Last February, a couple of weeks before Mardi Gras, I had occasion to return to New Orleans again. I had left the Dean for America campaign in Vermont after Dean lost the New Hampshire primary. I knew it was over and knowing that, didn't want to drag down the true believers still on staff. I had planned my return from Seattle to Los Angeles months before, and was no able to continue the journey. I looked at the map home and decided on one detour from a straight shoot. You guessed it, the city of New Orleans.

I spent Valentine's Day there. If there was ever a city less suited to that day, I cannot imagine it, and that was fine with me, being utterly Valentine-less at the moment. I stayed in another boutique hotel in the same area, not quite as nice as the first but fine enough for me. This one had the essence of pirates about it, with dark green fronds of elephant palms brushing the walls built over a hundred years earlier.

From my temporary home in Burlington, Vermont, I had driven to Washington DC, staying with the Virginia head of Dean for America, a lovely and gracious woman who continues her remarkable activism to this day. From there, I had driven to Greensborough, North Carolina, and spent the night wandering the downtown area, trying to find all the little brass mice hidden throughout the city. The next morning, I drove through seven states to get to New Orleans - North Carolina, South Carolina, Georgia, Alabama, ran down to Pensacola, Florida "just to see it," got back in the car and drove through Biloxi, Mississippi, and on into Lousiana and finally to New Orleans. The beach along the Gulf of Mexico was beautiful. A very fine white sand, laden with bleached scallop shells, one of which remains in my car to this day. There were no upended pinball machines littering the beach. And there were no oil slicks on the Mississippi River.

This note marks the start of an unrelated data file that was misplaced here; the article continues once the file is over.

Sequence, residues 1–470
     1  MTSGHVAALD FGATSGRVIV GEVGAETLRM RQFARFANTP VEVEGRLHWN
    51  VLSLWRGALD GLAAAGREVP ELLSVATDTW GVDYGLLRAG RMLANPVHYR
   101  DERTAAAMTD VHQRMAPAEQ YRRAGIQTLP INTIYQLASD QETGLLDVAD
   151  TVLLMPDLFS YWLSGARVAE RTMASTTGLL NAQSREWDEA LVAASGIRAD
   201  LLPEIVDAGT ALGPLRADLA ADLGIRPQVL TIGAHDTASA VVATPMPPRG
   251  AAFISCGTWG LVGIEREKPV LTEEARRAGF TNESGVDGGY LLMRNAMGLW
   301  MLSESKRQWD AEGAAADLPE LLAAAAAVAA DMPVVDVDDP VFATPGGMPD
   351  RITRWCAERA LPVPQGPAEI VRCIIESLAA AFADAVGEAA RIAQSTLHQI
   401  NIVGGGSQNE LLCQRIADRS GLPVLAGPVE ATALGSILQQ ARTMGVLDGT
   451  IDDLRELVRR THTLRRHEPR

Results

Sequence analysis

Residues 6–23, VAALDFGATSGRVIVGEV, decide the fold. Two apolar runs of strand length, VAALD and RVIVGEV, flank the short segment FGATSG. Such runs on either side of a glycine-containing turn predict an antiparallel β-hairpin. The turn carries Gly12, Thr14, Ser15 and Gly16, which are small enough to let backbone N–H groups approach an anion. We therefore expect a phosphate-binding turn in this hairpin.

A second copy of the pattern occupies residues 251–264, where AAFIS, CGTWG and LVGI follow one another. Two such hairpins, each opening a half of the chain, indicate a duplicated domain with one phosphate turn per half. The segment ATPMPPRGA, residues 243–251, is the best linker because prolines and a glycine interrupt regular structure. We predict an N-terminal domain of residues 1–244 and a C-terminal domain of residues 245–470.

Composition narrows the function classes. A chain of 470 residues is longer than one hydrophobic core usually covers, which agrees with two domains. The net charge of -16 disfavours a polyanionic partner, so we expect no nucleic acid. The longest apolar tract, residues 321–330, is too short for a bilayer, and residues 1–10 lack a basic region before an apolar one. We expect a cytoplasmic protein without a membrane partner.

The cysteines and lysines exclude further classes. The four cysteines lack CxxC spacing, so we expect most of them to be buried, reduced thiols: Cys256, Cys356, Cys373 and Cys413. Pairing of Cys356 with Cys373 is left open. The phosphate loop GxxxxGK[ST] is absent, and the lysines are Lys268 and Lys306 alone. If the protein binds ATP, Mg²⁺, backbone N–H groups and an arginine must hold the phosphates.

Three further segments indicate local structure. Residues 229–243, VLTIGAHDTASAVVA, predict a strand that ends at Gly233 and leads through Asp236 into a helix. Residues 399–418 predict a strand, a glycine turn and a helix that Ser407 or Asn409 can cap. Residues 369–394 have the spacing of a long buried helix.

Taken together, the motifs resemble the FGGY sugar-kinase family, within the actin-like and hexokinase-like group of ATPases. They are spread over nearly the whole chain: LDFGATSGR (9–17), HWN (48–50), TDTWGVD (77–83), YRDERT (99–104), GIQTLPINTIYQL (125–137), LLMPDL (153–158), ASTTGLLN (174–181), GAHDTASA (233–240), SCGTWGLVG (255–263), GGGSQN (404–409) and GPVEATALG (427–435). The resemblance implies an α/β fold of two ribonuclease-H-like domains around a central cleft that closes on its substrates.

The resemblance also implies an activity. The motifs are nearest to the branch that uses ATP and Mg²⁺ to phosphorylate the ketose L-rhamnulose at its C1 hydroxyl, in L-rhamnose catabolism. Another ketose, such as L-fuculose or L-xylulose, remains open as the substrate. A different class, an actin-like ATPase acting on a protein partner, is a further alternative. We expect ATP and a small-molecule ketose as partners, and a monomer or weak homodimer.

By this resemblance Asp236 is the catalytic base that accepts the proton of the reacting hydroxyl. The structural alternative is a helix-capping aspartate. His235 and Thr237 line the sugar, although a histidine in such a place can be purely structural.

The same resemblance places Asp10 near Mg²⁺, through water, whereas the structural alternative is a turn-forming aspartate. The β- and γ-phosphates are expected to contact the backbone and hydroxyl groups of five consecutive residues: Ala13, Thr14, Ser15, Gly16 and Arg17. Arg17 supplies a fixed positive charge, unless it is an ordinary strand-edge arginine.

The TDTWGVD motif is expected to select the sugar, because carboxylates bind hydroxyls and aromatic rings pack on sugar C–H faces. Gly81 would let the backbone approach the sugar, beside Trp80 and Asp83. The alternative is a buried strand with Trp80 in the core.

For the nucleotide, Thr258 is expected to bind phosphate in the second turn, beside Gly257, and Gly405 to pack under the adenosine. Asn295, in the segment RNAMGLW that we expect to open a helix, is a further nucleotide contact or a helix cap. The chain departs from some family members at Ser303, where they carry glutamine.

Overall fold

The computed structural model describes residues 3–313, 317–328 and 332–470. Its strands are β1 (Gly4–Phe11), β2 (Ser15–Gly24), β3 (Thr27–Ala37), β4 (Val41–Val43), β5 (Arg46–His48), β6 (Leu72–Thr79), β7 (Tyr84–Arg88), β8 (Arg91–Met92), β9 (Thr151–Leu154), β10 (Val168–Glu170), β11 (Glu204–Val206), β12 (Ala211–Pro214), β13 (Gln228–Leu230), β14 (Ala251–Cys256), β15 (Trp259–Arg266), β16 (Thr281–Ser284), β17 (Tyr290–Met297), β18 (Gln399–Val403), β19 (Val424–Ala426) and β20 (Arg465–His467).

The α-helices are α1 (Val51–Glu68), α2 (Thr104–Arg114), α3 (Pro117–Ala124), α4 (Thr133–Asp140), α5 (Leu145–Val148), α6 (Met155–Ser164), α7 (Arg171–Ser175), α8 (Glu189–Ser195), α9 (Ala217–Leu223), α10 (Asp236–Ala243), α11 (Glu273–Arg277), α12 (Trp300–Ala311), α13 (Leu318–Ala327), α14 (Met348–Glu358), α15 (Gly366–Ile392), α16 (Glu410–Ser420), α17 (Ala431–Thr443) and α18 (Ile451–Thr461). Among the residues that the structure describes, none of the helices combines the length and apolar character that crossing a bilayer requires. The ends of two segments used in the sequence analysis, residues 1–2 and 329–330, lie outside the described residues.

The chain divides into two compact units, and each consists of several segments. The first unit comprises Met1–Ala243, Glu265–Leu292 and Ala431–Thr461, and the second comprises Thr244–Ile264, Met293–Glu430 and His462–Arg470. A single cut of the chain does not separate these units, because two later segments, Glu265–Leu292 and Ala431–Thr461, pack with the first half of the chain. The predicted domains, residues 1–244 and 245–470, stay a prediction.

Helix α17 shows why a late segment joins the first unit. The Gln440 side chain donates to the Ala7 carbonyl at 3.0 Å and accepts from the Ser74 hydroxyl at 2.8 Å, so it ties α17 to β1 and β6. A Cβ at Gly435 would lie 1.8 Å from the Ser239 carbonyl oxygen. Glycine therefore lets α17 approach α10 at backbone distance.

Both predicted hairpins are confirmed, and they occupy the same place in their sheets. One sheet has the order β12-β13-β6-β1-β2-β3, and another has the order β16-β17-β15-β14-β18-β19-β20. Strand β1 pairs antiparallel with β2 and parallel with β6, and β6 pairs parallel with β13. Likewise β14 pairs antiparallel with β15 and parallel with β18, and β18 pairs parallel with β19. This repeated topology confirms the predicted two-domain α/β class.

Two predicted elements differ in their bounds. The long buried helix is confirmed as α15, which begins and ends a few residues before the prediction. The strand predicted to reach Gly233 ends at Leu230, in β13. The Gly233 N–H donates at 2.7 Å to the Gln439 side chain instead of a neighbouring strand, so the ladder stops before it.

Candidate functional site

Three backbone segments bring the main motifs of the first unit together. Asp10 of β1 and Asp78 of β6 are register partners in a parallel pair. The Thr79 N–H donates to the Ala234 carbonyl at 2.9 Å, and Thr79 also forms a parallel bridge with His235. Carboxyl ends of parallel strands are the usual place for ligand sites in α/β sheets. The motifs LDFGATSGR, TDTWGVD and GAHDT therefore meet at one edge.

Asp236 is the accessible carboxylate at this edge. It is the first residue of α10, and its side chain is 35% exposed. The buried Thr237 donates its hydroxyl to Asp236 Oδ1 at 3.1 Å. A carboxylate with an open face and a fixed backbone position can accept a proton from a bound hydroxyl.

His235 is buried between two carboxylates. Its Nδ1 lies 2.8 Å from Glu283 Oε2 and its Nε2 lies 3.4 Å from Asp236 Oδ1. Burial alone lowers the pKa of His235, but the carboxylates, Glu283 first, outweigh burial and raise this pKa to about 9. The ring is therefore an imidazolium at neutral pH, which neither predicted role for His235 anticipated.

I parked my car and everything I owned in the world in the attached U-Haul trailer, and took my first extended walk of the trip. As before, I enjoyed the variety of people, the way people of all races, colors and political persuasions got along in the Quarter milieu. Again, there was music everywhere, and this time, because it was almost Mardi Gras, there were beads and breasts in abundance. I got my share of beads, not by bearing my breasts, but simply by bearing my teeth. You'd be surprised how many beads a genuine smile can be worth. But that's New Orleans. Sure, it's had its share--okay, more than its share--of smut and violence. And I can't forget that the plot to kill Kennedy was hatched in part there. But to me, it was also a town where the word stranger had no meaning. Everyone was a friend, be they a local, a tourist, or an immigrant worker.

Where are their friends now? I applaud all the people who are giving money - it's much needed. But that's why we pay taxes. Government is supposed to be our insurance policy against disaster and disarray. But to hear our PINO (President In Name Only) speak, he's more interested in shooting looters. What about the looting of southern state resources to feed the war in another gulf region? What of the redirecting of monies tagged for buttressing the levees to fund instead the war in Iraq? And how dare we judge the looters? We don't know how desperate they are. They don't know if they will live until the next day. They have kids who need diapers. They need food. They need medicine, and something potable to drink. And clean clothes. If President Nero wants to shoot looters, he should point his gun at the face in the mirror.


Post a Comment

<< Home